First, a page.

An IPS cannot think like an incident response team; it merely behaves as its configuration tells it to. At a low level, this is not a problem - and hence not tremendously unnerving to the technical or business teams - as the impact of an IPS rule firing can be modest: it can drop data packets that are part of traffic streams it considers malicious, or block the source IP addresses of suspect connection requests. 

Cutting off the attack 

Configuring the IPS to take modest, low-impact actions is, however, a failure to use it as it was intended. The whole point of IPS is that it can get there first and not just tinker at the edges of an attack and impede it a little, but that it can potentially halt an intrusion in its tracks. We have a tool that watches network traffic all through the day and night, every day of the year, so we should bite the bullet and configure it to take drastic action where to do so is warranted. 

In many ways we can even use this approach to alleviate humans' natural hesitancy when under pressure: even when a policy says one should take a particular action, there can be a natural reticence to take drastic action such as taking the business's internet connection offline, or shutting down Active Directory domain controllers because they are seen to be helping a ransomware attack replicate across the organisation. So long as the automated action has been understood and signed off in advance by management as part of the incident response plan, there can be no finger-pointing in the event that an attack occurs, and causes the automated intervention to be triggered.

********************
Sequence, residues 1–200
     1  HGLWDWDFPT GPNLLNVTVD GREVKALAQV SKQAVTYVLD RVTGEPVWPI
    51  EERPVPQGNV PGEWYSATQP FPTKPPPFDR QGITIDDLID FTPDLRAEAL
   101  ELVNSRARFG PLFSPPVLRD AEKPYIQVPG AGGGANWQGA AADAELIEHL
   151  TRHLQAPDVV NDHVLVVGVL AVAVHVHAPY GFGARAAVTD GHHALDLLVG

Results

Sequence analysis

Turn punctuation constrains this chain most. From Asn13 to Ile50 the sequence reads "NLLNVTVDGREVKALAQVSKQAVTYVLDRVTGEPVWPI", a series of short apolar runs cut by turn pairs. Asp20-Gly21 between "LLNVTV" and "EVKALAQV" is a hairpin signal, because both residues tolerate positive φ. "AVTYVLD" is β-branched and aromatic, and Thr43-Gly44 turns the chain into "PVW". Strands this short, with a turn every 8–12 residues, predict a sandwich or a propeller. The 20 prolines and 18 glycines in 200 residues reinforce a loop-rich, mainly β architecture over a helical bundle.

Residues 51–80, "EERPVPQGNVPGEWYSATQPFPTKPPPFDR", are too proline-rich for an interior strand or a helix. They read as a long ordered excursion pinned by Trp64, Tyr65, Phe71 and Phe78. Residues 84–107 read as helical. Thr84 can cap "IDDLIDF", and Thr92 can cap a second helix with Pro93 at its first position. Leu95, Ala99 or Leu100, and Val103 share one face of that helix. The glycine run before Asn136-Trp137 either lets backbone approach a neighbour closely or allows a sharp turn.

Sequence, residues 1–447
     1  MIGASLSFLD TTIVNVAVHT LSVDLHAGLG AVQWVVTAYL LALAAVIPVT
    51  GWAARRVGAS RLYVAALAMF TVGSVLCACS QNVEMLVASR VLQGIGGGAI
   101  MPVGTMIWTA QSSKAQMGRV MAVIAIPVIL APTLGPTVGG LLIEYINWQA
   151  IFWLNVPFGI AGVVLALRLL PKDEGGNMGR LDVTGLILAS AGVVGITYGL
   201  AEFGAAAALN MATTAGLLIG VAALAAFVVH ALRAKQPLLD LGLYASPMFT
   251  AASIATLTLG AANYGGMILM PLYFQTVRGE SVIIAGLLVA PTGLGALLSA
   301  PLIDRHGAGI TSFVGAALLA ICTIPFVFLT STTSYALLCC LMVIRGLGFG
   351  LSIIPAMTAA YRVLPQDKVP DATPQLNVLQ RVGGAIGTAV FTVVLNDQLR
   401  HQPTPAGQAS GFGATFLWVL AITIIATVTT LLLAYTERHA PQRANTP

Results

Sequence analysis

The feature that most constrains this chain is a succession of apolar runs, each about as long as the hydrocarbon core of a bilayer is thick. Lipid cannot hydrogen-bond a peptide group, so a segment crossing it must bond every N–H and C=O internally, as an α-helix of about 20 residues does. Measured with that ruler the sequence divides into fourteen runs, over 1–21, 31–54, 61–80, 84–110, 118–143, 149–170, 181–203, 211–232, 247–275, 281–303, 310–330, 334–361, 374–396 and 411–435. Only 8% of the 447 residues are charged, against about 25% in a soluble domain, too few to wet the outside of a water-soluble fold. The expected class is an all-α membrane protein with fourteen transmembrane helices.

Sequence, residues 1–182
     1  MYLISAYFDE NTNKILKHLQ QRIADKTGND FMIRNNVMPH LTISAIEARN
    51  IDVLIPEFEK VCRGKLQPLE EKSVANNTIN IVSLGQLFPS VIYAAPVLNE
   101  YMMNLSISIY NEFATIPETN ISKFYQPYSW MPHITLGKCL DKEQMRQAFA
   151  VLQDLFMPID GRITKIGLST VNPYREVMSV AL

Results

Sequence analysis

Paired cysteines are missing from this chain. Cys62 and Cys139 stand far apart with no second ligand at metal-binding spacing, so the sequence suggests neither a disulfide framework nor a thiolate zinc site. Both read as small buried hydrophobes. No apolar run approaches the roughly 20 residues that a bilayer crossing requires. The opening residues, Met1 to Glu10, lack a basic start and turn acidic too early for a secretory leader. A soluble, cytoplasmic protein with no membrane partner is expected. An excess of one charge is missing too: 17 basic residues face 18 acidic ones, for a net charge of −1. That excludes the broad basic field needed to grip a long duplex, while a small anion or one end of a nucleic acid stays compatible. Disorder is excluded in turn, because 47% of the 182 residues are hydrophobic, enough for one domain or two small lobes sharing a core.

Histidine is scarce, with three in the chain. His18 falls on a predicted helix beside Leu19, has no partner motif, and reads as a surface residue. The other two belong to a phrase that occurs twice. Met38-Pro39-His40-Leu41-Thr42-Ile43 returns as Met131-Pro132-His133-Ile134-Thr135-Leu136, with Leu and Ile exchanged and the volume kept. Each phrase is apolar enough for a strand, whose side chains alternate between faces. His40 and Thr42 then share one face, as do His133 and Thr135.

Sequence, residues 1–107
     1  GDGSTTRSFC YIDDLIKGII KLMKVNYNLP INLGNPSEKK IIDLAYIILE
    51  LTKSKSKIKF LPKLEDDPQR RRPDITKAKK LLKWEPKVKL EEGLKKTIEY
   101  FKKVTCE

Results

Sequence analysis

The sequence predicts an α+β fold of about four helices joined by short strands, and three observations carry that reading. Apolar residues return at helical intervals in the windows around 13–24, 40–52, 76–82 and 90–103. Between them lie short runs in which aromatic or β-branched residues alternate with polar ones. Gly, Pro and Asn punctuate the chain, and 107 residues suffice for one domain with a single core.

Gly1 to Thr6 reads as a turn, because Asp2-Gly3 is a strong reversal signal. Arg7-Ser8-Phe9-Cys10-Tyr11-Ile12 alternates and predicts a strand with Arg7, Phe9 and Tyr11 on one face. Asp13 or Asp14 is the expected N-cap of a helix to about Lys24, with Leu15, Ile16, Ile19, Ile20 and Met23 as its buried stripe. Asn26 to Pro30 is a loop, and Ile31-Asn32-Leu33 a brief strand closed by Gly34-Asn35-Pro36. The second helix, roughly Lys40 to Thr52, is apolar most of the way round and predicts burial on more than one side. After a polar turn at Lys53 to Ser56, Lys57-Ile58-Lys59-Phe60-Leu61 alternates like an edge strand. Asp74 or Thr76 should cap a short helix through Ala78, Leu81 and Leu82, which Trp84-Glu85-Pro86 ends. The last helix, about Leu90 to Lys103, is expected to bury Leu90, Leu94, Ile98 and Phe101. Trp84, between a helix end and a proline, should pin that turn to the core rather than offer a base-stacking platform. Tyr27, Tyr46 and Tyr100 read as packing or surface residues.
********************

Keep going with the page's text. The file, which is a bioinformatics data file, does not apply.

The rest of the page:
Lowering the risk 

Let us step back for a moment from high-impact automation, though, and look at some of the more routine tasks for which automation can bring us benefits - because although automated incident intervention brings potentially large benefits, it is required relatively infrequently. What about automation that benefits us day in, day out? 

The security activity that lends itself best to automation - in that it can provide the greatest saving of human time whilst also gaining the benefits that automation brings with regard to eliminating human error - is identity management. If one has a variety of systems and applications, each will have its own level of difficulty when it comes to automating user ID provisioning and de-provisioning. The majority of organisations base their systems on a Microsoft platform, which lends itself tremendously to automation because standard tools such as Microsoft's own PowerShell scripting platform make Windows (or, more correctly, Active Directory) user provisioning a very simple process. And where applications use AD groups for their permission control, it is therefore highly trivial to extend the automation to cater for those applications. The most useful aspect of automating such tasks is that one can take a gradual approach: provisioning can be done one system at a time, each exercise giving a benefit in time saving, unlike many implementations where one sees no benefit until the last system has been dealt with. 

And the same applies to other areas that one automates. Automation is ideal for monitoring, again because the majority of mechanisms for interrogating systems are straightforward and hence simple to implement. And on top of real time monitoring of basic attributes such as server uptime or network link saturation/error rates, one can go a step further and monitoring changes to systems by automatically downloading configurations from devices such as firewalls or routers on a daily (or even more frequent) basis, comparing versions, and alerting the team to changes that are detected.